That time has come, and the first pageant of the 2013 Miss America Pageant season has come and gone. Lonna McCary will represent the Thousand Islands next June at the Miss New York Pageant, with hopes of representing New York and the Miss America Pageant in the following January!
The day began with interviews, which I thought I did really well on. I had a well prepared answer for every question, and despite stumbling over a few words, I think I gave very strong answers,. I didn’t give an elaborate introduction, just my name and contestant number. Looking back, I should have said a few more words. I really feel I showed the judges why I was a great choice to represent the islands. I misunderstood when the head judge asked me for my closing statement. I wasn’t nearly as strong as I would have liked, which is why a stronger introduction would have been beneficial.
After a morning of rehearsals, we had lunch on the riverfront. The bees were very attracted to us! Or maybe it was the pageant girls’ diet of glitter water and fresh fruit. They just did not want to leave us alone! The seven of us, as well as our entourage of amazing helpers, still managed to have a great lunch of Jreck subs and an assortment of fruit. I probably ate an entire segment of strawberries myself. They were delicious.
More rehearsals. We learned the Opening Number routine, and went through talents, and the walking patterns for swimsuit and evening wear. The stage was tilted, but it was nearly as slanted as I thought it was going to be! I still couldn’t pull off a French Twist on the decline though, which bummed be out, because I can rock it on a straightaway.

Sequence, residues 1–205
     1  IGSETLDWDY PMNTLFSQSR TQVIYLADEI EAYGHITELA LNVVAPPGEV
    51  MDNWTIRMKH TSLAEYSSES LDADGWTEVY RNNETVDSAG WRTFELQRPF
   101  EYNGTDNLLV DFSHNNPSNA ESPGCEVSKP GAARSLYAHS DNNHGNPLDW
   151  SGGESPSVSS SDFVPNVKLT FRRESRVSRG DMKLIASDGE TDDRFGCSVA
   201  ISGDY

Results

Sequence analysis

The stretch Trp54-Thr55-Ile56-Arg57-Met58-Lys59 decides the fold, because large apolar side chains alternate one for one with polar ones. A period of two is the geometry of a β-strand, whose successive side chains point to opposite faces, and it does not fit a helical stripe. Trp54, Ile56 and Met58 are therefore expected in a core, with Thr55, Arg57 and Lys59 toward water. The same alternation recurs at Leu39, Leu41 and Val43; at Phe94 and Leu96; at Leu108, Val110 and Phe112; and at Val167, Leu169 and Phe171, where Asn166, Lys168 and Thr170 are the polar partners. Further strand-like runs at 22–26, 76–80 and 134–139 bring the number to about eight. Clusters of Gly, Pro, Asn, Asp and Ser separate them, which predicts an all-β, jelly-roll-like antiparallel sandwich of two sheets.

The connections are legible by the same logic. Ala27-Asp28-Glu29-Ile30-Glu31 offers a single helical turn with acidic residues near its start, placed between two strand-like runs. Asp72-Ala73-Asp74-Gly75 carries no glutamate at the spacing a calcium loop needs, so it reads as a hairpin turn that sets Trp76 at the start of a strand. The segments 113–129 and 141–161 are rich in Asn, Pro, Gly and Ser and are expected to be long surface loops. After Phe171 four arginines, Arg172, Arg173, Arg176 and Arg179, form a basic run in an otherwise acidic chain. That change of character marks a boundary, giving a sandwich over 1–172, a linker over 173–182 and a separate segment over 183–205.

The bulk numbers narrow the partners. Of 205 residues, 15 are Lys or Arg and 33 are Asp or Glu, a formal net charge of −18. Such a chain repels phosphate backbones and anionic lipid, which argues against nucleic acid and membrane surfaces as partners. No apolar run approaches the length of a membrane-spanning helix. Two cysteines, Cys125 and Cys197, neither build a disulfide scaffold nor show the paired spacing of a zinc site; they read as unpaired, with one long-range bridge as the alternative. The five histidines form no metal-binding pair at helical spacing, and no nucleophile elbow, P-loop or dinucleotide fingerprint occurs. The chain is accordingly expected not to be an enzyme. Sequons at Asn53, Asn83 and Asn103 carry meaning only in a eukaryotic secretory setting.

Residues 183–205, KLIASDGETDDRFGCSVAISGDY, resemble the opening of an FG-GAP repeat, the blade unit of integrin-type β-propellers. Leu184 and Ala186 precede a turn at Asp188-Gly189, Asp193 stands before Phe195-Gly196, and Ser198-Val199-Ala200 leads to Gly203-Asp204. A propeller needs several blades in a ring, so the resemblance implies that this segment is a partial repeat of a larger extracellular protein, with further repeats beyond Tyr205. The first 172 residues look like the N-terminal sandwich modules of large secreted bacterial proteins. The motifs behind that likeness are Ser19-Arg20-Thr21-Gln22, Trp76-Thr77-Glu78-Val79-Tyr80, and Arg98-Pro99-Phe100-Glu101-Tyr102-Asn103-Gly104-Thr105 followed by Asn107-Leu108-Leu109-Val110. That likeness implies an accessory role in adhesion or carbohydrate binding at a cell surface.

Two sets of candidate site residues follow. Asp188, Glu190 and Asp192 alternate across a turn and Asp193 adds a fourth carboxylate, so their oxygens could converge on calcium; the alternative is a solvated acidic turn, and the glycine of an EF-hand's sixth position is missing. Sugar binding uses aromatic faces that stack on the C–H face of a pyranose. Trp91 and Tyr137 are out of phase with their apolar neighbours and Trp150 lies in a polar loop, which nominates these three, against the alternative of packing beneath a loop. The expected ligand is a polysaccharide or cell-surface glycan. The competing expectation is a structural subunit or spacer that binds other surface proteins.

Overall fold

Soon it was dinner time. We had pizza across the street from the Clayton Opera House. Lauren, Chelsea and I shared a table with a very mature and smart girl, I believe she was Sara (I should have paid more attention). She was one of the Miss Thousand Island Star Princesses. She was so bright, and if I didn’t know she was a tween, I would have thought we were having a conversation with another Miss contestant.
After more pictures on the riverfront (I would have posted them, but I ruined all of them) it was time for dress rehearsals. Yes, Chelsea and I had the same dress. At first I was upset, as it was terribly difficult to find a red dress to begin with, but after seeing us both wearing it, I was fine with it. Our bodies are so different, it looked very different on us, and we both rocked it in our own ways.
When the show started, the ladies came out to Glad You Came by the Wanted. Despite a random music mishap (which never happened in rehearsal) that Allison was able to gain control over, we never broke a sweat. I assumed the role of the President, as I stated “Join me this presidential election as I pass the Employment Non-Discrimination Act”, instead of “we”, but besides that minor blunder, opening number went very well. There aren’t any worthy pictures at this point, as my mom still lacks camera skills.